30 September 2011

Two timely and bumpable issues: God's Wisdom in Proverbs, and Jakes

by Dan Phillips

It isn't "my" day, but I wanted to get two timely tidbits up. My betters, Phil and Frank, should bump when they're ready to fire.

First timely tidbit: God's Wisdom in Proverbs

The ink is still wet, I know. But Kress has been offering God's Wisdom in Proverbs for a whopping 50% off, and that sale is set to expire 10/1/2011. As it is, the same was extended to accommodate folks' pay day. So, if you have any interest in the book, I'd encourage you to save some money, and don't regret it later.

In the absence of full reviews, here are some of the gracious endorsers.

Phil Johnson:

“God’s Wisdom in Proverbs is written brilliantly at a level that will challenge anyone who is interested enough in gaining wisdom and understanding to be serious in that quest. Readers will range from serious students of Scripture to casual lay readers on their way to a more serious approach to Scripture. It explains the wisdom of Proverbs (and the biblical nature of wisdom per se) in a clear, readable fashion that will be extremely helpful to everyone from students entering the academic world for the first time, to new parents seeking biblical insight into the process of child-rearing, to anyone in a position of responsibility or leadership. I recommend it for all who are tired of the superficial, self-centered themes that have filled evangelical pulpits and bookshelves for the past three decades (or more). If you are hungry for biblical material, God’s Wisdom in Proverbs will feed your appetite.”
Dr. James Hamilton:
“One of the great pleasures of life is puzzling through the book of Proverbs, and if you’re looking to navigate life with Solomonic skill, Dan Phillips is ready to show you the ropes. This book’s author is not too proud to learn from the Bible and he’s not too scared to think for himself. This is the first book I would recommend for those wanting to study Proverbs.”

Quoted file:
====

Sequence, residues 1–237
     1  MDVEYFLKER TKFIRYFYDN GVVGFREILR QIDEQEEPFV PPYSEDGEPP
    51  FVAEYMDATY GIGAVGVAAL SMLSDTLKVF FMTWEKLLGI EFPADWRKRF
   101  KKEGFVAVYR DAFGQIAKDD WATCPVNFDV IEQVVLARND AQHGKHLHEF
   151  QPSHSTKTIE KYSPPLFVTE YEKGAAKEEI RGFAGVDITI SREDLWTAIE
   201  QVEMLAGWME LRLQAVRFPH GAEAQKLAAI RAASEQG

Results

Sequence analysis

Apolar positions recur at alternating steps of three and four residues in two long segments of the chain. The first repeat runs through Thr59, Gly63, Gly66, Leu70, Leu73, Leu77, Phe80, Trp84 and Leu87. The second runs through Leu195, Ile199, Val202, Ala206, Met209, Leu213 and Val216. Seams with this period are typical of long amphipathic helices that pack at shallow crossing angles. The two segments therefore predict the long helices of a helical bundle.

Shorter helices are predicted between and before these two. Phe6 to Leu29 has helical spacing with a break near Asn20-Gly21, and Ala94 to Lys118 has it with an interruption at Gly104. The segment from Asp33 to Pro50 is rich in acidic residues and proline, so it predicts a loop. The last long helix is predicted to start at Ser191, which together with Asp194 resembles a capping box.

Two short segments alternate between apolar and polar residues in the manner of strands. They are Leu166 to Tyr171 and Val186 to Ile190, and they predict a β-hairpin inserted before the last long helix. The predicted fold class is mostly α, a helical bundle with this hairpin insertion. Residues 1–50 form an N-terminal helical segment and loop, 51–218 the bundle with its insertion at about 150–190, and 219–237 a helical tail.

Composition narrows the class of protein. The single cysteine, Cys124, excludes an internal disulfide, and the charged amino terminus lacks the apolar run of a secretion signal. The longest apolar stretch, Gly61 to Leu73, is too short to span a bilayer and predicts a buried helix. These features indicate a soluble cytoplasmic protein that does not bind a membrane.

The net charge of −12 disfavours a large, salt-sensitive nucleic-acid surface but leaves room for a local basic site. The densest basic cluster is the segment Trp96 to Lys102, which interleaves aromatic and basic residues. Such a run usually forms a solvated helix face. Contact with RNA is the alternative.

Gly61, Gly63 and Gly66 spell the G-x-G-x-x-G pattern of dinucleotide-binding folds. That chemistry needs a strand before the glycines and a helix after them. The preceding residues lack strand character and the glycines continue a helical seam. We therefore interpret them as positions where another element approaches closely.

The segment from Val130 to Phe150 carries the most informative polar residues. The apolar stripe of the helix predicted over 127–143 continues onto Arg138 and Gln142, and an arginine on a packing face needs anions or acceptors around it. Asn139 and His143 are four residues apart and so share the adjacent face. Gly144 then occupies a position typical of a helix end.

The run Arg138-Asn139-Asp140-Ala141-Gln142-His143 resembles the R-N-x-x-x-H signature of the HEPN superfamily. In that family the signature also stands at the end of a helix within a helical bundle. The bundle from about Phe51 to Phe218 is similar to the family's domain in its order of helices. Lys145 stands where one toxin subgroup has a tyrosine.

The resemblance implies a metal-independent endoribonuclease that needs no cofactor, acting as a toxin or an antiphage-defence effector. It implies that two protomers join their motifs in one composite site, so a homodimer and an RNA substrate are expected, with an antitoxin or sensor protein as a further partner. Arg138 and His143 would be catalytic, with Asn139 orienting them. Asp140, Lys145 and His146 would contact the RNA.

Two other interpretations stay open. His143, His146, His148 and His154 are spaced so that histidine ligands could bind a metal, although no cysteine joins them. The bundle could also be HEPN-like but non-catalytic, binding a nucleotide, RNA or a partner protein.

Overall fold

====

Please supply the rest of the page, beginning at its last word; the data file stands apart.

Pastor John A. Kitchen:
“Dan Phillips is a first-rate exegete with the tracking skills of a bloodhound and the tenacity of a pit bull. He won’t rest till he’s thoroughly searched a matter out and once he’s got a hold on the truth he won’t let go. He delivers the goods, and he does so with nerve and verve, punch and panache. You’ll find God’s Wisdom in Proverbs to be both scholarly in its depth and sagacious in its insight and application.”
Other endorsements include Dr. Chris Brauns, Dr. Todd Buck, Eric Redmond, Pastor Steve Meister, Casey Lute, Dr. Michael Rydelnik, Dr. Kevin Zuber, and Adrian Warnock.

Second timely tidbit: T. D Jakes in the Elephant Room

A number of really terrific posts have been written on this, the latest being Tim Challies. I'm sure others (including my betters here) will weigh in.

Here's my thought: would any responsible Christian leader ever say the following?

  • "Nobody is certain what Pastor X believes about whether or not Christ is Lord, but he's an important Christian leader, and we all should listen to him."
  • "Nobody is certain what Pastor X believes about whether or not the Bible is the Word of God, but he's an important Christian leader, and we all should listen to him."
  • "Nobody is certain what Pastor X believes about what a sinner must do to be saved, but he's an important Christian leader, and we all should listen to him."
  • "Nobody is certain what Pastor X believes about whether or not God exists, but he's an important Christian leader, and we all should listen to him."
  • "Nobody is certain what Pastor X believes about whether or not God is holy, but he's an important Christian leader, and we all should listen to him."
So does this make sense?
  • "Nobody is certain what T. D. Jakes believes about the Biblical doctrine of the Trinity, but he's an important Christian leader, and we all should listen to him."
What I am saying is this: does not the very fact that Jakes is unclear on this basic, fundamental doctrine in and of itself disqualify him as being a man to whom Christian leaders should listen? Isn't clarity on fundamental truths a basic, foundational sine qua non for a Christian leader?